Libsuinput

Thin userspace library on top of Linux uinput kernel module.

License: GPLv3+
Version: 0.6.1

Uinput is Linux kernel module which allows attaching userspace device drivers into the Linux kernel. However, its ioctl-interface is pretty low level from an application developer's perspective. This library provides a set of helper functions for making the usage of uinput easier. Libsuinput can be considered thin, because file descriptors it operates on can be passed to uinput's own ioctl requests and vice versa.

For example, one could open and initialize an uinput device via the standard ioctl API, but actually emit events using suinput API.

Usage examples

Note

You need to have uinput kernel module loaded to be able to emit input events. If it is not yet loaded in your system, load it by running:

modprobe uinput

To load it automatically on every boot, add uinput to /etc/modules.

Note

For the sake of presentational simplicty, error handling is omitted from the following examples.

Move mouse cursor

Create a virtual mouse and move it towards bottom-right.

#include <string.h>

#include <suinput.h>

int main(void)
{
        int uinput_fd;
        int rel_axes[] = {REL_X, REL_Y, REL_WHEEL};
        struct uinput_user_dev user_dev;
        int i;

        memset(&user_dev, 0, sizeof(struct uinput_user_dev));
        strcpy(user_dev.name, "libsuinput-example-mouse");

        uinput_fd = suinput_open();

        for (i = 0; i < 3; ++i) {
                suinput_enable_event(uinput_fd, EV_REL, rel_axes[i]);
        }

        suinput_create(uinput_fd, &user_dev);

        for (i = 0; i < 20; ++i) {
                suinput_emit(uinput_fd, EV_REL, REL_X, 5);
                suinput_emit(uinput_fd, EV_REL, REL_Y, 5);
                suinput_syn(uinput_fd);
        }

        suinput_destroy(uinput_fd);

        return 0;
}

Generate keyboard clicks

Create a virtual 4-key keyboard and write "hello" with it.

#include <string.h>

#include <suinput.h>

int main(void)
{
        int i;
        int uinput_fd;
        int keys[] = {KEY_E, KEY_H, KEY_L, KEY_O};
        struct uinput_user_dev user_dev;

        memset(&user_dev, 0, sizeof(struct uinput_user_dev));
        strcpy(user_dev.name, "libsuinput-example-keyboard");

        uinput_fd = suinput_open();

        for (i = 0; i < 4; ++i) {
                suinput_enable_event(uinput_fd, EV_KEY, keys[i]);
        }

        suinput_create(uinput_fd, &user_dev);

        suinput_emit_click(uinput_fd, KEY_H);
        suinput_syn(uinput_fd);

        suinput_emit_click(uinput_fd, KEY_E);
        suinput_syn(uinput_fd);

        suinput_emit_click(uinput_fd, KEY_L);
        suinput_syn(uinput_fd);

        suinput_emit_click(uinput_fd, KEY_L);
        suinput_syn(uinput_fd);

        suinput_emit_click(uinput_fd, KEY_O);
        suinput_syn(uinput_fd);

        suinput_destroy(uinput_fd);

        return 0;
}

Download and install

To get the source code, fetch the source code release tarball from releases and unpack it.

Then building and installing libsuinput is just a matter of running:

./configure
make
make install

Note

Alternatively, you can clone the git repository:

git clone https://github.com/tuomasjjrasanen/libsuinput.git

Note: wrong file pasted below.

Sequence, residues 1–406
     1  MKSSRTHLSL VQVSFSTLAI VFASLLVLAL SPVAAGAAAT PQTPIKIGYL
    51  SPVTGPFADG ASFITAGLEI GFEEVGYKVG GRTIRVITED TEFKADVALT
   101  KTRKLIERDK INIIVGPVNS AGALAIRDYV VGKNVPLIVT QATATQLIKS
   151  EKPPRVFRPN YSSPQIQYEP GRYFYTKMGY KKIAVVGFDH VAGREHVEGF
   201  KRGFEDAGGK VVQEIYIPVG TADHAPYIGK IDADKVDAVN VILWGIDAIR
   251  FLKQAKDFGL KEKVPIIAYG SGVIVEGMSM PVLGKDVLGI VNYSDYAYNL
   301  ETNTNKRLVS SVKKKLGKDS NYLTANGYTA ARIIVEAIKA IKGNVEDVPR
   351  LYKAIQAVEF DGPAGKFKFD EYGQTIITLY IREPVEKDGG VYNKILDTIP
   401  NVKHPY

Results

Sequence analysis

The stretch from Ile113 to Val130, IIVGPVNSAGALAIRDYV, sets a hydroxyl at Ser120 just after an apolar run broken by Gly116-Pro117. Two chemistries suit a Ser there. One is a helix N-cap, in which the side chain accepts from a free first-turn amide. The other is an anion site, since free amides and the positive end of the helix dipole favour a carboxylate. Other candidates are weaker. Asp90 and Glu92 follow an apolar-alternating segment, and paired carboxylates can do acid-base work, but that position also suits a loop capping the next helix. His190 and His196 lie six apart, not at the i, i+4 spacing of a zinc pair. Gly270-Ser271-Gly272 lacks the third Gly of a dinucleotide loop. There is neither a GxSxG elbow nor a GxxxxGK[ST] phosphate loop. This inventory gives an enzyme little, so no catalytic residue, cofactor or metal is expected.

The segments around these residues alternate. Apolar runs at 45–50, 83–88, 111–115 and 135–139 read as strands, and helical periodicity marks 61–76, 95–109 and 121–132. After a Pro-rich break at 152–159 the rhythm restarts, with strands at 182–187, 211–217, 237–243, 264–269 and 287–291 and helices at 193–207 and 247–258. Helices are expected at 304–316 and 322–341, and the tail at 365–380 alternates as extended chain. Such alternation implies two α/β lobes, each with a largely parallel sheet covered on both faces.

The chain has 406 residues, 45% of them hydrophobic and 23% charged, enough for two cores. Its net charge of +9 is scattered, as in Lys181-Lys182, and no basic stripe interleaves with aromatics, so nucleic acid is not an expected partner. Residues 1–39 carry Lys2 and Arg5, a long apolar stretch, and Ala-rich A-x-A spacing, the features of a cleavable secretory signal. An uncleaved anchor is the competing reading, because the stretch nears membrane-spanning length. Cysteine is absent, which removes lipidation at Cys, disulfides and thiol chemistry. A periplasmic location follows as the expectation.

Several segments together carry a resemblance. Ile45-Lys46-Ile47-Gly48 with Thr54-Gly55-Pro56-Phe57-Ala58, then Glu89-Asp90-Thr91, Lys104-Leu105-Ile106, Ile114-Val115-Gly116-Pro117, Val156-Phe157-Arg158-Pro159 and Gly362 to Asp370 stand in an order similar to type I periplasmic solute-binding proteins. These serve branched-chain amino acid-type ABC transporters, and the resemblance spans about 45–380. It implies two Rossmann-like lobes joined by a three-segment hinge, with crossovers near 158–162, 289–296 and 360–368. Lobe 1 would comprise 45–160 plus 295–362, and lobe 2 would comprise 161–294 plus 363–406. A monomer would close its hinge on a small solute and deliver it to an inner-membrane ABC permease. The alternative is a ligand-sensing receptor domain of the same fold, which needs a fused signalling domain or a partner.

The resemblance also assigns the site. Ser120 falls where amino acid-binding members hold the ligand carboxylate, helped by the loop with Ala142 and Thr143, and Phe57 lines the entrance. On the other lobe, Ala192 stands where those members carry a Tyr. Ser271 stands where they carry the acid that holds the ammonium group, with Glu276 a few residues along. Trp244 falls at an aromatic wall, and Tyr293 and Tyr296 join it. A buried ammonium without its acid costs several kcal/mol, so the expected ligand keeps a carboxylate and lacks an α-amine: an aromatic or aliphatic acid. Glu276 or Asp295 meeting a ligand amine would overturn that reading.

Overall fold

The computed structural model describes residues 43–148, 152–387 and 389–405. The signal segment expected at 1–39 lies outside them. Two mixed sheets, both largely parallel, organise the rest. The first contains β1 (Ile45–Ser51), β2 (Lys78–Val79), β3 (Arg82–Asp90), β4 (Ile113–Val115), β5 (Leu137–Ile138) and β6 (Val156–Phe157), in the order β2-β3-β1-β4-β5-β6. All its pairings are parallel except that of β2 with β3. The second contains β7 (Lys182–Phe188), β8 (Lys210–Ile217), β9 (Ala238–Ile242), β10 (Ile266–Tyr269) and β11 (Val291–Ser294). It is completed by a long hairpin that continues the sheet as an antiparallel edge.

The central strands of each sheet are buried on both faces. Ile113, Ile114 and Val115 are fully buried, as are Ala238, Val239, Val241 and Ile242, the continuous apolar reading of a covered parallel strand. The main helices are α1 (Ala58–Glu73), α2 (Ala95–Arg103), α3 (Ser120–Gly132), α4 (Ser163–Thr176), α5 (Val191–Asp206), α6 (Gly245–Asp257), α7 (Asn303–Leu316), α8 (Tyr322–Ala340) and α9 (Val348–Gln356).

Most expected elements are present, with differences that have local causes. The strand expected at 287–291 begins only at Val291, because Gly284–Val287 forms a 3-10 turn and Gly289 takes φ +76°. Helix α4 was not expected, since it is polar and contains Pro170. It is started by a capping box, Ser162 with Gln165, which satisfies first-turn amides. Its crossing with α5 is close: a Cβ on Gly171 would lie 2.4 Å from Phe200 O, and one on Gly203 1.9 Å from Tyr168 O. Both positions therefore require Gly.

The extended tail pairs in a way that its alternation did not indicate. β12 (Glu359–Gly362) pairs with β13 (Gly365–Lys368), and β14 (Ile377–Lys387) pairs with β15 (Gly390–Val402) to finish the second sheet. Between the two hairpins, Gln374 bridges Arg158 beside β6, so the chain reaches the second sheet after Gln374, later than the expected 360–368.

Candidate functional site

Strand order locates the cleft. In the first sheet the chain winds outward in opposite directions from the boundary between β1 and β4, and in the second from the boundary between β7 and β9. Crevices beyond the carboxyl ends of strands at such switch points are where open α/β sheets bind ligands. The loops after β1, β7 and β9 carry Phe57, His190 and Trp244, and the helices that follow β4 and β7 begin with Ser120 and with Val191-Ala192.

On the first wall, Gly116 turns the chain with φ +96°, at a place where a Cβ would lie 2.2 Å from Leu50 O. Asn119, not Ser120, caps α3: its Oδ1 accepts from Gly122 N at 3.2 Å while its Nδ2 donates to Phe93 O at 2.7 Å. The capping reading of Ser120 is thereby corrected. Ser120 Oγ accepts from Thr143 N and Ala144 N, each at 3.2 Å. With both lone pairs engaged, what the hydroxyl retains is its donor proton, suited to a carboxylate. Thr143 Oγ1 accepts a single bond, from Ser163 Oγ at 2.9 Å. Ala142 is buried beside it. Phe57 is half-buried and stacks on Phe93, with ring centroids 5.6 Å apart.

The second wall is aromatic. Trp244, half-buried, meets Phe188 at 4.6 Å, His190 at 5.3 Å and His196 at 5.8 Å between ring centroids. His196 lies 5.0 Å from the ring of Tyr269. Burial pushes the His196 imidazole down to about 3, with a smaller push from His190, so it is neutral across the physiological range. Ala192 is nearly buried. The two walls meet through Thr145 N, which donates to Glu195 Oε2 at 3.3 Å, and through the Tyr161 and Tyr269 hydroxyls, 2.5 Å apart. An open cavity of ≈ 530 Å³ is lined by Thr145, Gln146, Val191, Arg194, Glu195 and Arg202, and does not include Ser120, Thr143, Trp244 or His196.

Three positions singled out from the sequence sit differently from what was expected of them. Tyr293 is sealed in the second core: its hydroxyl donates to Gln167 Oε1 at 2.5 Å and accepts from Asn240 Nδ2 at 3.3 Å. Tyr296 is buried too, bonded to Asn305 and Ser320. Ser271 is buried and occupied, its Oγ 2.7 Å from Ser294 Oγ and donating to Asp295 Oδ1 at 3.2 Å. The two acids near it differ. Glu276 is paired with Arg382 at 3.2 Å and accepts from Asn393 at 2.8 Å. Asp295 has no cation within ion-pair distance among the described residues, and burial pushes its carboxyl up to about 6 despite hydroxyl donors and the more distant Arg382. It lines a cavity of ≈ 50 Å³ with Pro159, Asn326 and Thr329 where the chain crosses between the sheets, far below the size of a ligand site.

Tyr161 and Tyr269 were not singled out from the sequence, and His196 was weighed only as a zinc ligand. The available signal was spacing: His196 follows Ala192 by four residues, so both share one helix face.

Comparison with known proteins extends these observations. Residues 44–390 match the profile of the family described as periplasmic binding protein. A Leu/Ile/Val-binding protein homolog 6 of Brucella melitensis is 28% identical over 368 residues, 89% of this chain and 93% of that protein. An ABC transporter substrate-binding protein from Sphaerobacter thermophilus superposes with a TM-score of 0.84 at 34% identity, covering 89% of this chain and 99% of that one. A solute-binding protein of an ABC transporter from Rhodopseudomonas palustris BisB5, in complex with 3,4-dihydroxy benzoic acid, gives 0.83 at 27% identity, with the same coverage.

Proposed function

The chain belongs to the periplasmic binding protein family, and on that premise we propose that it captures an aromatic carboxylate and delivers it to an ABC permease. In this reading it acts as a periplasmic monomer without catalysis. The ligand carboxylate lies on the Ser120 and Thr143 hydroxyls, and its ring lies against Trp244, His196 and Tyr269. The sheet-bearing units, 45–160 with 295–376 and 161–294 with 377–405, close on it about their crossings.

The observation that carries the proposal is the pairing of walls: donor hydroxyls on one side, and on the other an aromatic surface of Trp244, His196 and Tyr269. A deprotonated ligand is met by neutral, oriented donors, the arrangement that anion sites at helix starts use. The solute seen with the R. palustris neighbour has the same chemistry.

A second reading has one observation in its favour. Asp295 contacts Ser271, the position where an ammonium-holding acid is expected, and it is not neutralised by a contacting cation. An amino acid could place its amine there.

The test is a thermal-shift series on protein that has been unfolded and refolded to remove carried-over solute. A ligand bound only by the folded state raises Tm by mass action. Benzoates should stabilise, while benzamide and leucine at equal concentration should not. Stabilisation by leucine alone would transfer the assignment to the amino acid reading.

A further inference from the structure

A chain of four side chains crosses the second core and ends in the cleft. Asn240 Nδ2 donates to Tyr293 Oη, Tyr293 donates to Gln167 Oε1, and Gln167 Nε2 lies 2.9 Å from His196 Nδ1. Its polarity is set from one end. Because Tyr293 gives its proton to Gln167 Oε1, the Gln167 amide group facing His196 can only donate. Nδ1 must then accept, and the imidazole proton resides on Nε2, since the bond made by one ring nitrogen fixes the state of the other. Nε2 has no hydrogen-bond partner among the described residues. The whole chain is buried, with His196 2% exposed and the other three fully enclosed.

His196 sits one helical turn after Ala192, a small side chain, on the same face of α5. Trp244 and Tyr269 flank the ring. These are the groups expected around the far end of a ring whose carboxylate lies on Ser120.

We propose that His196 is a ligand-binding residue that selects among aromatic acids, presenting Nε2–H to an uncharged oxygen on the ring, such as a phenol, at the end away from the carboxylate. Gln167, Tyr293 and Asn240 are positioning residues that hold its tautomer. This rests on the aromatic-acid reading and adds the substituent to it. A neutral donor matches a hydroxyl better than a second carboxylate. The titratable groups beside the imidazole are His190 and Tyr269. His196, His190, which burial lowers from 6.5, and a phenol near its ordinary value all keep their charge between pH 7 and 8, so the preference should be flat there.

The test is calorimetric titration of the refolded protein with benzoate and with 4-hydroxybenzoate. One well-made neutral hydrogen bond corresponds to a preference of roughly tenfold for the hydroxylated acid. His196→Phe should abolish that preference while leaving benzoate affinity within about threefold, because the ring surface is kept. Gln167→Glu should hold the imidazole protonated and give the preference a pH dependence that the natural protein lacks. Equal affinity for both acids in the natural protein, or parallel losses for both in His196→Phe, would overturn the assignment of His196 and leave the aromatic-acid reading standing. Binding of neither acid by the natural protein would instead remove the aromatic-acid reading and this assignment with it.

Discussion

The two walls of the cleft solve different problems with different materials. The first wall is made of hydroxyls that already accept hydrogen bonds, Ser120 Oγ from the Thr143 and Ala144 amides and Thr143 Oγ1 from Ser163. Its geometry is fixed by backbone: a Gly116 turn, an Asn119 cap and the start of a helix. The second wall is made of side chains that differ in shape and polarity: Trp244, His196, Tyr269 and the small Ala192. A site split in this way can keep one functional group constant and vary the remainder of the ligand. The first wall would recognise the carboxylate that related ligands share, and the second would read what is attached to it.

cd libsuinput

Then prepare the GNU Build System and build:

./autogen.sh
./configure
make
make install

API

The API of libsuinput consists solely of functions declared in suinput.h:

int suinput_open(void);
int suinput_destroy(int uinput_fd);

int suinput_enable_event(int uinput_fd, uint16_t ev_type, uint16_t ev_code);
int suinput_create(int uinput_fd, const struct uinput_user_dev *user_dev);

int suinput_write_event(int uinput_fd, const struct input_event *event);
int suinput_emit(int uinput_fd, uint16_t ev_type, uint16_t ev_code, int32_t ev_value);
int suinput_emit_click(int uinput_fd, uint16_t key_code);
int suinput_emit_combo(int uinput_fd, const uint16_t *key_codes, size_t len);
int suinput_syn(int uinput_fd);

The suinput_open() queries sysfs for the filepath of uinput device node, opens the device and returns its file descriptor. For each succesful call of suinput_open(), the user must call suinput_destroy() which unsurprisingly destroys the device and closes its file descriptor.

The suinput_enable_event() enables an event capability which is defined by the event type and code passed as arguments to the function. This function must be called before the device is created. Enabling new events after creating the device results in undefined behavior. After events have been enabled, the device must be created and initialized by calling suinput_create() which accepts a structure describing device-dependent information. The struct uinput_user_dev is defined in /usr/include/linux/uinput.h.

The suinput_write_event() is a low-level function which just writes the given event to the event device. The structure of the event is defined in /usr/include/linux/input.h. The suinput_emit() emits the given event timestamped with current system clock time. The suinput_emit_click() emits the given key event twice (press and release) with different values (1 and 0 respectively). The suinput_emit_combo() emits the given key combination by first emitting press events for each key and then release events in reversed order. Finally, to make the kernel to flush all events, suinput_syn() emits SYN_REPORT event.

Because libsuinput acts as a thin wrapper for several system calls, error handling of all functions follows the underlying system call error scheme: on error -1 is returned and errno is set accordingly.

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